Originally posted by Jothi Shankar Kumar Sankararaj: In my opinion Spring = EJB3.0 + Struts. Am I rught guys??
That's one way of looking at it...not entirely accurate, but certainly not invalid.
At it's very core, Spring is a dependency injection container. For a moment, forget everything else that Spring does...at it's core, its purpose is to wire application objects together in a loosely-coupled way using dependency injection.
Then, on top of that Spring offers AOP support. AOP is also a mechanism for loose-coupling, but different from DI. Where DI decouples your application objects from each other, AOP decouples functional concerns from the objects that they are applied to. (Logging and security are common examples here).
Then, on top of AOP, Spring offers declarative transactions (similar to EJB). And Spring Security uses AOP for declarative security. And Spring Modules Caching uses AOP for declarative caching.
Then there's a host of other frameworks and APIs built on top of the core Spring container. This includes Spring MVC for web apps, Spring remoting for turning POJOs into remote objects, Spring's data access abstractions for removing the boilerplate code from data access, etc, etc, etc.
There's also a rich client framework, a contract-first web services framework, support for JMS, support for JMX, and a ton of other stuff. Spring even has stuff to integrate with EJBs.
So, yes, there are portions of Spring that resemble and offer similar (or in some cases, superior) features as Struts and EJB 3. But to say that Spring == EJB 3 + Struts, is shortchanging Spring quite a bit.
The really cool thing is that although Spring does a lot of different things, you don't have to use them all. Spring's very modularized, allowing you to use the bits you need and ignore the rest.
Thanks Craig for the clarification. The book Spring in Action is a good one for a beginner?? I'm right now working on jsp/servlet/struts technologies and I want to build a career in either EJB or Spring and I wanted to land in a good one before I could start delving in these two technologies! So which one do you suggest keeping in mind the job market and demand for people with Spring or EJB skills??
Any good books guys you can suggest for a beginner in spring. A book that has everything in place along with the IDE needed to work in Spring.
Joined: Sep 19, 2003
Originally posted by Jothi Shankar Kumar Sankararaj: Thanks Craig for the clarification. The book Spring in Action is a good one for a beginner??
I think it's pretty good! But, of course, I'm biased.
Even so, I don't mind plugging the other Spring books. For beginners, I think that Rob Harrop's "Pro Spring" is pretty good. And Matt Raible's "Spring Live" ain't too shabby, either.
So which one do you suggest keeping in mind the job market and demand for people with Spring or EJB skills??
Again, I'm Spring-biased, so my first response is to recommend Spring.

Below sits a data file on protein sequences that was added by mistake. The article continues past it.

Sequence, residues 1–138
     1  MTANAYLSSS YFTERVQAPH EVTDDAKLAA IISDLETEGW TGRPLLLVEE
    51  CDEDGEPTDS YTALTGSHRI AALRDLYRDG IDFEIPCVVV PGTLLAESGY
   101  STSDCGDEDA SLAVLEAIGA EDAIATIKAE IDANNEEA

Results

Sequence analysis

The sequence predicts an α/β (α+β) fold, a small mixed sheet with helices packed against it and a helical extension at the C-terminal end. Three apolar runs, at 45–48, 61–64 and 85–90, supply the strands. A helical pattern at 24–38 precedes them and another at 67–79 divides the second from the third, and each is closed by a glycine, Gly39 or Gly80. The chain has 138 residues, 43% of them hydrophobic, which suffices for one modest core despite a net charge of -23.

But truthfully, if you have the time to do so, I recommend that you learn both Spring and EJB 3, as both will be very marketable skills. And if you have both skills, then you're that much more dangerous in the marketplace.
Joined: Sep 19, 2003
Originally posted by Jothi Shankar Kumar Sankararaj: One more information I want to know is that what about the implementation of security in Spring framework??
Spring Security (formerly known as Acegi Security) uses a mix of aspects and servlet filters for security. Aspects are used to secure method invocations, while servlet filters are used to secure web requests.
Spring Security's scope covers everything from authentication to authorization to ACLs. And the nice thing about it is that it is based on interfaces and dependency injection. Therefore, it's highly pluggable and very flexible.
All your posts were really helpful and now I'm going to head towards learning Spring. I did not work in EJB before though I have extensive experience using jsp/servlets. When I was considering to learn EJB 2.1 to actually prepare for the SCBCD examination, I came to know that EJB 3.0 is ready, so I decided to skip SCBCD and better give SCWCD. Now when I wanted to advance my skills in the J2EE arena, I thought to myself which server side business component will I go for. So I got this in mind as I read in many places these words "...nowadays many companies are moving towards lightweight frameworks like Spring..." So I started to explore what it is all about and now I realize that Spring is the equivalent of EJB and perhaps more. So I decided to first master Spring as I will be shortly required to work on it. Maybe later in the future go for EJB 3.0 depending on its reception in the J2EE industry.
Once again thanks Craig for all your valuable ideas!
I got Spring in Action and its perfect. I recommend this book without hesitation. This book is my first dance with spring.
I would strongly recommend you start by the 3rd part "Spring in the web layer" though. Coming from JSP/Servlet, I found that to be a lot easier. This will give you a quick idea of how Spring MVC compares to struts.
However, if you just don't care about the web part, jump in from chapter1. The spring modules are very independent and can be used as you wish.
I'm far from mastering Spring, I'm just a simple dude with the book
(I understand though that the AOP and IoC are the basis of spring, so the book's order makes sense, but I believe is not the easiest path for most of people...)